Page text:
The received wisdom is that macro photography underwater is easy so why is it that you can't get those stunning shots you see in the coffee table books and photo competitions? It does not take long to get to grips with focus and depth of field, aperture and strobe positioning for effect but if you are still struggling to get a shot with real impact then maybe you need to think more about your composition and, more importantly, choice of subject. This is where you need to do your homework.
Photo courses will start you visualising good composition by talking about the 'rule of thirds' and subject positioning within the frame. If you sort your shots out into two piles where the first pile follows the rule of thirds, diagonals and has the subject positioned well in the frame facing in the general direction of your lens and in the second pile the rest.Your best shots will be in the first pile.
Now you need to take pile one and look at the subjects. Are they interesting? Have you had to spend five minutes explaining to your Mum what they are and which end is the front? ( We've all been there!) Do they have any impact in themselves or are they dull and lacking colour? Is the background messy or lacking colour or contrast with your subject? Do your friends all have pictures of the same things?
If, when you answered the last question, you came up with someone who gets pictures of stuff you never find that will be the same person who pours over the identification books with their evening beer. They will also be the person who is chatting to the dive
guide on the journey to the dive site. This person is on the way to being able to get macro shots with real impact. They are doing their homework and already have an idea, as they drop off the boat, of what they are looking for and how they are going to get the best shot.
The oceans are full of the most amazingly beautiful tiny creatures but you have to know how to find them. It is a dangerous world down below and being small these guys have to hide or be eaten. Some hide in crevices and holes but more often than not they hitch a ride on something bigger. Animals that do this, called commensals, also get the
added benefit of getting access to food by riding on their host.
In the Indo-Pacific the feather star or crinoid is a most accomodating host where all manner of shrimp, crabs and fish live. A careful examination with a keen eye over a few will usually reveal an elegant squat lobster as shown. The others are for you to find!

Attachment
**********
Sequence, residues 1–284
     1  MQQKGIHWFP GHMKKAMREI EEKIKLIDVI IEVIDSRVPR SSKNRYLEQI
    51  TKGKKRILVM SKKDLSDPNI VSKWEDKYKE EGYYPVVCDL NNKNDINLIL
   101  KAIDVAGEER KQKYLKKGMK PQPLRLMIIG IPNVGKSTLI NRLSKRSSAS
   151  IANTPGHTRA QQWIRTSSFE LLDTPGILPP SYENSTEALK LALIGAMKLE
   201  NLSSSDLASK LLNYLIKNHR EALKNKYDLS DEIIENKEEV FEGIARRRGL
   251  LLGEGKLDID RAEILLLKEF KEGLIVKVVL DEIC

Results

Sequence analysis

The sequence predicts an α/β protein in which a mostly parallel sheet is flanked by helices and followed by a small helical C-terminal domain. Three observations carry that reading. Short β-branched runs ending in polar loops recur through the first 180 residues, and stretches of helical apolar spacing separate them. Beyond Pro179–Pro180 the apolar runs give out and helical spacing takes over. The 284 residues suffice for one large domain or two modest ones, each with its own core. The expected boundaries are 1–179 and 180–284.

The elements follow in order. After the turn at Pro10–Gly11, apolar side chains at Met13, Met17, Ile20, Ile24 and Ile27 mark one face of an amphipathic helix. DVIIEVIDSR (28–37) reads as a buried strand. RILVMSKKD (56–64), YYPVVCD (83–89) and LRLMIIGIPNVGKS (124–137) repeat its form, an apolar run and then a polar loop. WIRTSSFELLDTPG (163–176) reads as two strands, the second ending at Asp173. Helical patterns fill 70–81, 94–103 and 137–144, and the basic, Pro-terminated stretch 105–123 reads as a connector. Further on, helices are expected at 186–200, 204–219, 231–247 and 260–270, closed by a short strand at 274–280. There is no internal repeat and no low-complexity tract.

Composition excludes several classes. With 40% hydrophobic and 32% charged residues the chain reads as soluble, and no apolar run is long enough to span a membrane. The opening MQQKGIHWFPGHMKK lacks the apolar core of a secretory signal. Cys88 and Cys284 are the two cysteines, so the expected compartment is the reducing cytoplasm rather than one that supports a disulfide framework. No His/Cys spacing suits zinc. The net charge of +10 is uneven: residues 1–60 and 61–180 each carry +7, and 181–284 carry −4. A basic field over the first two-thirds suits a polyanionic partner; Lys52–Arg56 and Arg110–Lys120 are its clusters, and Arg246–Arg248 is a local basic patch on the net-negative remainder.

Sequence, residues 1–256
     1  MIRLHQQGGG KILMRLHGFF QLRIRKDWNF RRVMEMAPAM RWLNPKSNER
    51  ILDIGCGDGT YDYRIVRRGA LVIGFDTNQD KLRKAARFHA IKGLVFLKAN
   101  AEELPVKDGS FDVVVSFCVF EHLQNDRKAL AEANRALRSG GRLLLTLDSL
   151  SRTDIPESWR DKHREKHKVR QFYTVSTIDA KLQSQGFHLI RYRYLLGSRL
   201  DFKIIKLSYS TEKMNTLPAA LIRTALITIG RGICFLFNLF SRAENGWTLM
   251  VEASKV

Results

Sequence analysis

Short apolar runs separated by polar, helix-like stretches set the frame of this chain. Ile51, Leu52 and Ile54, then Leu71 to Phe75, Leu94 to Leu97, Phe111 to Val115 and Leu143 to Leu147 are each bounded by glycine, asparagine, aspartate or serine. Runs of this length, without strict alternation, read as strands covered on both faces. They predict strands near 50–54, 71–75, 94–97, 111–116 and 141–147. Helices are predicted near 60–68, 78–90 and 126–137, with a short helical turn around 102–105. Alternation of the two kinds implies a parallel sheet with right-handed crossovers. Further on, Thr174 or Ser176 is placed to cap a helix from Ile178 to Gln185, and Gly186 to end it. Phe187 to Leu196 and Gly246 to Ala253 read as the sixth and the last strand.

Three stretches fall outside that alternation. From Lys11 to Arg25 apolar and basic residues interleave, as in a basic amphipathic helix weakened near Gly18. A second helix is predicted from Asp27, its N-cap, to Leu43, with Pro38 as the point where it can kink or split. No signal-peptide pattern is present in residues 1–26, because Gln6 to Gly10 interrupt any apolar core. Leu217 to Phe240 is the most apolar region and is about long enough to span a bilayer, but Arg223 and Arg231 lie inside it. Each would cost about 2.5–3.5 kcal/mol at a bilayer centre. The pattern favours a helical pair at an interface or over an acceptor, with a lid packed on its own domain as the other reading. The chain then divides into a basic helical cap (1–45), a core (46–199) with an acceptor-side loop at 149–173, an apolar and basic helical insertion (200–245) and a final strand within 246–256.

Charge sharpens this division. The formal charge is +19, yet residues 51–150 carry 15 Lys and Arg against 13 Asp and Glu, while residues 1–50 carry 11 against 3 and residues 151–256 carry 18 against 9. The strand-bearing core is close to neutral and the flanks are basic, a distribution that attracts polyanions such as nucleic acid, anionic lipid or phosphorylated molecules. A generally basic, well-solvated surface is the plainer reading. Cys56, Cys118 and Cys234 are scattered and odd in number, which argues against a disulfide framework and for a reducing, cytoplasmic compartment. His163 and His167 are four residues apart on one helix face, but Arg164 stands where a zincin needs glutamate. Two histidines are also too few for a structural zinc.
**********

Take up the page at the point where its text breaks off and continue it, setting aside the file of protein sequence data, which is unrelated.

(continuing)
One species that shows the most variety of colours is the shrimp Periclimenes imperator. It will hitch a ride on all manner of hosts and, like many commensals, adjusts its colour for camoflage. Two pictures here show the shrimp on two different sea cucumbers, a pink version lives in the gills of the Spanish Dancer.
Nudibranchs are colourful subjects in themselves but usually need a complimentary backdrop to make real impact. Fortunately they get some of their colour by recycling some of their food. Find out what they eat and they might be easier to find and somewhat more striking like the two shown here.
Not all nudibranchs are around all year and, like many sea creatures, are seasonal. Many creatures also have a certain depth range. A good subject in the UK illustrates this well.
Snakelocks anemones are a common shallow species around our shores. If you check around the base of these during the summer months you are very likely to find a little decorator crab hiding as shown.
Look in the books, find the charismatic creatures and learn how to find them. Show the picture in the book to your dive guide and ask him to find you one. If he looks blank get him to ask his pals and you might get a better guide! (Top photographers hunt out the top guides.)Once you know where they
Nikon F90X in Subal housing, 60mm macro , Sea&Sea YS120 and YS90. TTL. Fuji Velvia 1/100 f22
are and what they look like, now think about how you want to construct the frame around your subjects. If they are commensal on something with complimentary colours then fill the backdrop with their host. If they live somewhere rather dull or messy then shoot so as to get clear water behind them and stop the aperture down or increase your shutter speed to black out the background. You can also blur out the background by openning up the aperture and narrowing your depth of field but beware of negative space.
Go out and invest in a small library of good identification books and read them. The outlay will pay dividends and it is true that the more you know how to spot things the more you will see. But the most important result will be that you will focused and prepared before your dive and consequently more relaxed and in control when taking your shots which is probably the biggest contributor to getting pictures like the pro's.
Demelza & Will Postlethwaite are professional underwater photographers and travel writers Their images and articles are widely published in scuba diving magazines. They teach underwater photography at Cornish Diving, Bar Road, Flamouth, Cornwall TR11 4BN England
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